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The Foundation for Economic Education is pleased to present a weekly feature every Friday by our president, Lawrence W. Reed, commencing April 24, 2015. Real Heroes is expected to run for approximately one year. Each week, Mr. Reed will briefly relate the stories of people whose choices and actions make them heroes.

Mr. Reed has personally met many heroes himself. In a 2007 essay on one of them, Sir Nicholas Winton, he wrote, "The truest hero does not think of himself as one, never advertises himself as such, and does not perform the acts that make him a hero for either fame or fortune. He does not wait for government to act if he senses an opportunity to fix a problem himself."

The people Reed will write about will not be the well-known, usual suspects. Often, they will be men and women you've never heard of, from the distant past to the present day. In every case, they will be individuals who deserve notice and appreciation. They will exemplify one or more of the character traits Reed wrote about in his short book, Are We Good Enough for Liberty? -- traits he regards as critical to the flourishing of a free society.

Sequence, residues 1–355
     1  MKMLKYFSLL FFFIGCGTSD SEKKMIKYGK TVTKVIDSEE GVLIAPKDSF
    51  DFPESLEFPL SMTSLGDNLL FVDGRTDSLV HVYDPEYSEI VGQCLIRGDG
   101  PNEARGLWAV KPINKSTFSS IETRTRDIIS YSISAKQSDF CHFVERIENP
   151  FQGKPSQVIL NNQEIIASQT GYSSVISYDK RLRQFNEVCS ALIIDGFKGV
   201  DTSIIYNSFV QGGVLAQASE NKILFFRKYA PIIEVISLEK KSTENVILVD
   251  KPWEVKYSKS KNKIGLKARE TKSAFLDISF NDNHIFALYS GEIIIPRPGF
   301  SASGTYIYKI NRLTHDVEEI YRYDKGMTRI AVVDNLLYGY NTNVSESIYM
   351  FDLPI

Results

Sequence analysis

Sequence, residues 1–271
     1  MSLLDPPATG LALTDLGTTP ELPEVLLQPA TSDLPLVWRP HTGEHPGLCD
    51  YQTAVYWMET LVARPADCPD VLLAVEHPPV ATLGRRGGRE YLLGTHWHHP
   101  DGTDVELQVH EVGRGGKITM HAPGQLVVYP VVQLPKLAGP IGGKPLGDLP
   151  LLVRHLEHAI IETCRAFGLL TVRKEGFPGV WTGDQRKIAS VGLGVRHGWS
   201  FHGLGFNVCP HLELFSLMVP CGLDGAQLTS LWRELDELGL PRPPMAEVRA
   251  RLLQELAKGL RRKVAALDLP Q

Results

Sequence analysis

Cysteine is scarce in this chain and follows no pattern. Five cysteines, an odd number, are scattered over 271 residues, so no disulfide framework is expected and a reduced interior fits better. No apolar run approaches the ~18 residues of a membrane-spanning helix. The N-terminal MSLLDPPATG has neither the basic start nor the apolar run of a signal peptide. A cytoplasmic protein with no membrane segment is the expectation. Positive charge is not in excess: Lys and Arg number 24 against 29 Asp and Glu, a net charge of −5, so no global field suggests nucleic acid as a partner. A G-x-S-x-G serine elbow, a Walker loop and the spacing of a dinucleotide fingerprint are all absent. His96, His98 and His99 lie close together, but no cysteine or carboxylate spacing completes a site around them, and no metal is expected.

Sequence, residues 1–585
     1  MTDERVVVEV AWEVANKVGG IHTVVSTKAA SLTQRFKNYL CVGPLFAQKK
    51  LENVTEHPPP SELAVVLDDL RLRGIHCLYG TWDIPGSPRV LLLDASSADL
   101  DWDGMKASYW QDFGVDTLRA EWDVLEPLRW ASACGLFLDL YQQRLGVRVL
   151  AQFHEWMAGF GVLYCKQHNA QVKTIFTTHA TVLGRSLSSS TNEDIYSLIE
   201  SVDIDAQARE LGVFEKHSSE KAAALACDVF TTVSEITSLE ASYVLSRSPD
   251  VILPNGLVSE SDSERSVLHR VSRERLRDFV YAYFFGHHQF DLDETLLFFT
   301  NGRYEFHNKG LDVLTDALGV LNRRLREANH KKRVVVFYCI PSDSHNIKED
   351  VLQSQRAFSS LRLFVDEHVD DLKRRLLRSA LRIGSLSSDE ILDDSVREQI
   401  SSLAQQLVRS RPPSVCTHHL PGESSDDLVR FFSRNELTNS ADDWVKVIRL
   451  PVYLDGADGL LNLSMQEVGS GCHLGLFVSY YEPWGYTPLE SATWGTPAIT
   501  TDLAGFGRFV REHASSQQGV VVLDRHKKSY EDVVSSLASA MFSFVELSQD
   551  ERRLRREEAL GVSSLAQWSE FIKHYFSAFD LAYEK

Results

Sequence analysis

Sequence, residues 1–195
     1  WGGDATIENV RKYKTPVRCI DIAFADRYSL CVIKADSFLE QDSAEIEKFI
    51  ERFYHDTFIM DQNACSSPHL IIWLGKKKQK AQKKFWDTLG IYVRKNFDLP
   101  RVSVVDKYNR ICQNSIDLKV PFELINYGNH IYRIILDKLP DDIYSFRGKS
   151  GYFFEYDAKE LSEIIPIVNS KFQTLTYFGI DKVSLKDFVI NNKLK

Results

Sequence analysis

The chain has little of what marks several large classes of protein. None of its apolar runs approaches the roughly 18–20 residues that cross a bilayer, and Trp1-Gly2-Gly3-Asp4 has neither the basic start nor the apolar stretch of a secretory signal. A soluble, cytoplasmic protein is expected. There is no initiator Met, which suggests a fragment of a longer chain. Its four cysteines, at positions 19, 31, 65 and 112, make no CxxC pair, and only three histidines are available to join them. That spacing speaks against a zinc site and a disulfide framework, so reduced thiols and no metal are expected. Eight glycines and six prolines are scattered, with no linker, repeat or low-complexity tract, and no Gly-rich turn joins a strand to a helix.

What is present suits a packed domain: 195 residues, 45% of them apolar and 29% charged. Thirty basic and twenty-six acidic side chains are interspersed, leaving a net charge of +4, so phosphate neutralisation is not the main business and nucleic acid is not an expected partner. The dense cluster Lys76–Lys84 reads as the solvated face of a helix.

Each week, a new essay will be added to the table of contents. When the series runs its course, the collection will all be published in multiple digital-book formats.

Speaking Truth to Power: Jimmy Lai

For years, a bust of John James Cowperthwaite sat prominently in the foyer of Jimmy Lai's Next Media office in Hong Kong, along with others of economists F.A. Hayek and Milton Friedman. If that's all you ever knew about Jimmy Lai, you could at least surmise that he loves liberty and free markets.

Cowperthwaite had been the architect of Hong Kong's free market miracle. He started with a destitute rock and turned it into one of the world's freest and most prosperous economies. (Indeed, I've suggested that he deserves to be recognized annually and everywhere with a Cowperthwaite Day on the anniversary of...

Hats Off to Peaceful and Voluntary Exchange

Dr. Seuss bequeathed to us a story of peaceful, voluntary exchange.

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Life, Life

I don't believe in omens, nor fear foreboding signs. No poisons or lies

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Earth Day: 22 Ways to Think about the Climate-Change Debate

Those with a reasoned agnosticism about climate change will find themselves in d ...read more

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The Economics of Karaoke (and Other Necessities)

Market prices themselves aren't bad -- they are simply messengers conveying unde ...read more

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